Thursday, September 30, 2010

Groove Night

Quick hit: If you're a fan of electronic music, you have to listen to Thomas Fehlmann's Honigpumpe. Awful cover, incredible album.

Fehlmann specializes in a minimalist four-square kinda funk. (I hear elements of krautrock in it too, but that might just be me.) It's hard to describe, and seems like it might feel cold to people upon their first listen. But stick with it. There's a lot of subtleties in the Honigpumpe toons, including:
- The funky-German dub-march of "T.R.N.T.T.F."
- The cozy couch paranoia of a "Little Big Horn (Liegend)," which builds up about a thousand little rhythm tracks all tapping away at your subconscious, like nervous spider fingers tapping the blues on a magazine cover in a waiting room
- The giant walking on the moon of "Atlas"

As the above may tell you, I don't have the words to describe these sounds - although people try - but it engages my hips and my mind, and whatever does that can't be all that bad.

Wednesday, September 29, 2010

Quote of the Day

And why are you so firmly, so triumphantly convinced that only the normal and the positive - in short, only prosperity - is to the advantage of man?
- Fydor Dostoevsky, in Notes from the Underground

Tuesday, September 28, 2010

Things That Make You Say "Ahhhh..."

Paid off the car today. No more car payments... for a few months at least.

State of the Bills

Money quote:
Even when they're logical, they're illogical. Ladies and gentlemen: the Buffalo Bills.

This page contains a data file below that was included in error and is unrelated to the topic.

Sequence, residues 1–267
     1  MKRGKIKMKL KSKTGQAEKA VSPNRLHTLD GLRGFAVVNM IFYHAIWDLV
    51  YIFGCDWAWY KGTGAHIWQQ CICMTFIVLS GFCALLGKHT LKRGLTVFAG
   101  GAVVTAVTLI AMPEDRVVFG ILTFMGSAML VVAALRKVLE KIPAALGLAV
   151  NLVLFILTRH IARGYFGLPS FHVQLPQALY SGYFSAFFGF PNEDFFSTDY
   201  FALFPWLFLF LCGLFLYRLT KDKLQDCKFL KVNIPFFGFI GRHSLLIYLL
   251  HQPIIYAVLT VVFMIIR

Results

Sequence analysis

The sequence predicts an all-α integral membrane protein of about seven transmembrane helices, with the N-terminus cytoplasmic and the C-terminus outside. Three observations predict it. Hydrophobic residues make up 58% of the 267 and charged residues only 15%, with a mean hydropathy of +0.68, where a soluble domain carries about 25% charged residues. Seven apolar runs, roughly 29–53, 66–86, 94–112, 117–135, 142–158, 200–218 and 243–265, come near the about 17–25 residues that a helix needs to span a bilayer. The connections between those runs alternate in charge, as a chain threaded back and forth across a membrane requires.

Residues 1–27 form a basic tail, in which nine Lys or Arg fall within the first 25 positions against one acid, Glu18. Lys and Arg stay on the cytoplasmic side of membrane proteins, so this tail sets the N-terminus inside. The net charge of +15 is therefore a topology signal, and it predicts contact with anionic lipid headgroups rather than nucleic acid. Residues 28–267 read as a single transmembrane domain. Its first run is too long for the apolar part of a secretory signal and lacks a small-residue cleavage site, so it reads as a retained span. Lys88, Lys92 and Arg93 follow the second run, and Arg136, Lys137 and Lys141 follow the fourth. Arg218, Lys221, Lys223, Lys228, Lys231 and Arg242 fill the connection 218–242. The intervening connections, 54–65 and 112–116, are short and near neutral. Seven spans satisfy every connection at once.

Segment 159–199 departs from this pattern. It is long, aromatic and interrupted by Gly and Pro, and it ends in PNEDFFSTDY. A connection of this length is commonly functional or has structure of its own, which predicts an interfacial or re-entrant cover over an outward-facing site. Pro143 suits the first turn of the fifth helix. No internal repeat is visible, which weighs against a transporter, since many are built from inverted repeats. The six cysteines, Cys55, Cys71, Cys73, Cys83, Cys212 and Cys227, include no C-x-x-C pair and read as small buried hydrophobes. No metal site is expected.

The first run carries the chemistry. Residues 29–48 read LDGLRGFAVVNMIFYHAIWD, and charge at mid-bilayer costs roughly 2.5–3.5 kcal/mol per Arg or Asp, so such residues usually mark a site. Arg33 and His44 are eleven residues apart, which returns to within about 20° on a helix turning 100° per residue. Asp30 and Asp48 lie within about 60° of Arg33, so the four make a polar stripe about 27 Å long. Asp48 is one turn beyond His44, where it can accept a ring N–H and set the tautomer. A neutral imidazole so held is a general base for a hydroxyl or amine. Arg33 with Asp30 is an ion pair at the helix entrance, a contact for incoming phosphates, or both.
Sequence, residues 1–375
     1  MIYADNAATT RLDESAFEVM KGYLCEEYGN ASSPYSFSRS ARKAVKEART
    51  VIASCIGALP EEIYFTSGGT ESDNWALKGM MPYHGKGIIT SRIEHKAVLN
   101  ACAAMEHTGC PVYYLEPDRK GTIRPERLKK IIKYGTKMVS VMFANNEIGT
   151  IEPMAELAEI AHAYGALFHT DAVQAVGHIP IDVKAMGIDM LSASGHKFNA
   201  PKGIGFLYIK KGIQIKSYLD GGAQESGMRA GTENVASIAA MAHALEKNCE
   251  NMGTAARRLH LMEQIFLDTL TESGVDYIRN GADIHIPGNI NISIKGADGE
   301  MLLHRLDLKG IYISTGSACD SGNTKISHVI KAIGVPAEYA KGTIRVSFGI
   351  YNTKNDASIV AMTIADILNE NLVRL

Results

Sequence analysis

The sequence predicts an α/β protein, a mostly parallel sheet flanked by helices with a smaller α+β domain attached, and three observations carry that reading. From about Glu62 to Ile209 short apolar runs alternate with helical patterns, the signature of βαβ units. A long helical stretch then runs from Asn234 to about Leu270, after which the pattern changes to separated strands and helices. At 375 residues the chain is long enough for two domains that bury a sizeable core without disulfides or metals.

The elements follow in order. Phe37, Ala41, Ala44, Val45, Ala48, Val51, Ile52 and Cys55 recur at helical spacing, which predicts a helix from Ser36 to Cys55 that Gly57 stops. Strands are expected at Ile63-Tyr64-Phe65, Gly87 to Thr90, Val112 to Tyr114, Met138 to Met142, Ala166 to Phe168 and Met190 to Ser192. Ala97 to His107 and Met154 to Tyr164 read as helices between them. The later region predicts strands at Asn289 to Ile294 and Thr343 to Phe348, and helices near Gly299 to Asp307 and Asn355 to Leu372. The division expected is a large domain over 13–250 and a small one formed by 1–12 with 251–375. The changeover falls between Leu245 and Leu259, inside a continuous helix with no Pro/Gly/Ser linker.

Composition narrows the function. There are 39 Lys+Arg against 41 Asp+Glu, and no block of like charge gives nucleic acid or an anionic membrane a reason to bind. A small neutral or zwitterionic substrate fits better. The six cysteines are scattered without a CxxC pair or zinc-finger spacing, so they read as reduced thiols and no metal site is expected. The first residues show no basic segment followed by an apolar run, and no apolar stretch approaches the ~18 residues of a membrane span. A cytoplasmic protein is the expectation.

Adding: Also this. Chris Kelsay is an average OLB, at best, and constantly being beat by Tight Ends. And now he's one of the highest paid members of the team. Sigh.

Monday, September 27, 2010

File Under "Wrong"

This is just disturbing.

Adding: "Sassy" is apparently marketing-speak for sexy-but-we're-trying-to-sell-to-kids-so-can't-use-sexy.

So Much Failed Change

This article from AMA provides a staggering statistic: "...about 70% of changes in organizations fail." That's an incredible number!
The article details reasons why this might be, but is a bit vague in the "what can you do about it" area. I've been through a few company reorganizations and the following are a few things that seem to work to me:
- Leadership has a clear vision and transition plan for the change
- Employees are kept in the loop and every effort is made to ensure their buy-in. Often, this means involving them in the change process, or at least soliciting their feedback.
- Once the change is announced, detailed communications about everyone's new responsibilities are sent from above so that there's no ambiguity.
- Change management! How exactly will the transition occur so that nothing falls through the cracks as people move from one responsibility to the other.

A Birthday, Yesterday

I was too busy to mention this yesterday, but Hunter turned four years old on September 26th. He's turning into quite the little man, and I hope that he keeps me laughing and running round for the rest of my life.

Friday, September 24, 2010

Changing the Color of Table Borders in PowerPoint

Don't know about you, but I spend a majority of my time at work using Microsoft PowerPoint 2007. This morning, I was attempting to change the color of the borders in a PowerPoint table - I wanted the borders for the border cells to have a different color then the table's main body (to match the different fill colors). Well, this task was incredibly difficult and unintuitive, and there was no information on how to perform this task in the PowerPoint help system.

Luckily, there’s the internet! I found this MSMVPs site that detailed how to change table borders. If you're one of the lucky few who might find this useful: enjoy!